Now I’m pretty sure that some rudiments of human morality are shared with our primate relatives, and thus evolved in a common ancestor, and also that other moral qualities of humans evolved after we’d branched off from the ancestor of our closest relatives, the chimps.  And some elements of human morality, like “true” altruism, in which you risk your life for nonrelatives without much hope of gain—my examples are usually volunteer firefighters and soldiers who throw themselves on grenades to save their buddies—seem to me byproducts of our culture. (See Peter Singer’s wonderful book The Expanding Circle to see how this could happen.) We don’t know how much of our moral sentiments derive from evolution, how much from cultural overlay, and how much from a combination of these factors, but it’s clear that we can see building blocks of morality in primates and other species (de Waal gives an example from elephants). This view, of course, originated with Darwin.

What I am absolutely sure of is that people’s morality does not come from God.  I may not be 100% sure that there isn’t a benevolent, omnipotent god (I’d put myself as a 6.999999 on Dawkins’s 7-point scale of disbelief), but I am 100% sure that our morality was not a divine gift.  It can’t have been: the Euthyphro argument of Plato shows on first principles that this can’t be true.  And it’s manifestly clear that nobody takes the morality of the Bible as their guide—not even William Lane Craig, who believes in the “divine command theory” (i.e., if God said it, it’s right).  Presumably Craig, although he says that the Israelites were perfectly justified in decimating the Canaanites because God ordered it, wouldn’t go along with God’s killing 42 children because they made fun of the prophet Elisha’s bald head—or maybe he would.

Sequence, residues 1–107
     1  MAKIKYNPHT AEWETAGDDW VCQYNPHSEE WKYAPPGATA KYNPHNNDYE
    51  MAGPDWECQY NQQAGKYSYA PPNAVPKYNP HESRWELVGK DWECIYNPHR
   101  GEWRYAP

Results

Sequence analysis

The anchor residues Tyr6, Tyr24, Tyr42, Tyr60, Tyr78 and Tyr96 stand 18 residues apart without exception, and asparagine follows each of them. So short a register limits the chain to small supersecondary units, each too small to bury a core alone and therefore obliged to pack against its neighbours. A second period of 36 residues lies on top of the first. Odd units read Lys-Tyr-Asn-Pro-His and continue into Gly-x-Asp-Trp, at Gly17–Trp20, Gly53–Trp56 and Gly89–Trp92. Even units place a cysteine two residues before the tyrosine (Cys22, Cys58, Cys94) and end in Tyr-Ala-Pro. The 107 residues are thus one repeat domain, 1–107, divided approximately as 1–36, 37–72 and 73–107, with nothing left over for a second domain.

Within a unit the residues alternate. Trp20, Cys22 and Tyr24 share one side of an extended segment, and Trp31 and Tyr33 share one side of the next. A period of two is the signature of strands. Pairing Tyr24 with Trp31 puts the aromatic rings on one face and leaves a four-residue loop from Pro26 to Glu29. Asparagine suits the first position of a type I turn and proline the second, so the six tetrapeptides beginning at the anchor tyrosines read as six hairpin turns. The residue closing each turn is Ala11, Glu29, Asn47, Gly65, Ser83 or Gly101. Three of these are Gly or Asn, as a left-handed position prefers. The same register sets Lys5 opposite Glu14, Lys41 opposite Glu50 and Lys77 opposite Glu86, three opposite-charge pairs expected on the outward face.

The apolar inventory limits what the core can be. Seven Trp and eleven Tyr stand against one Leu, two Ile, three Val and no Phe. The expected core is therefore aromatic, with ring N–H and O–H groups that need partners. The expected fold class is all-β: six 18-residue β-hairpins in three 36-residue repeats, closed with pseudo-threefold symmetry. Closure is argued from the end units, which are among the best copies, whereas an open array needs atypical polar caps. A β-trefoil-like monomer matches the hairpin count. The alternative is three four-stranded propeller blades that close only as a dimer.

No reputable theologian, or rational believer for that matter, adheres strictly to Biblical morality. As everyone knows, believers pick and choose their morality from a smorgasbord of divine commands, both good and bad, in scripture. And doing that shows that you have a sense of right and wrong that doesn’t come from the Bible or God.  Ergo, it comes from evolution and culture.

142 Comments

  1. Posted August 7, 2012 at 8:33 am | Permalink

    All I see is a monkey angry because he didn’t get a grape.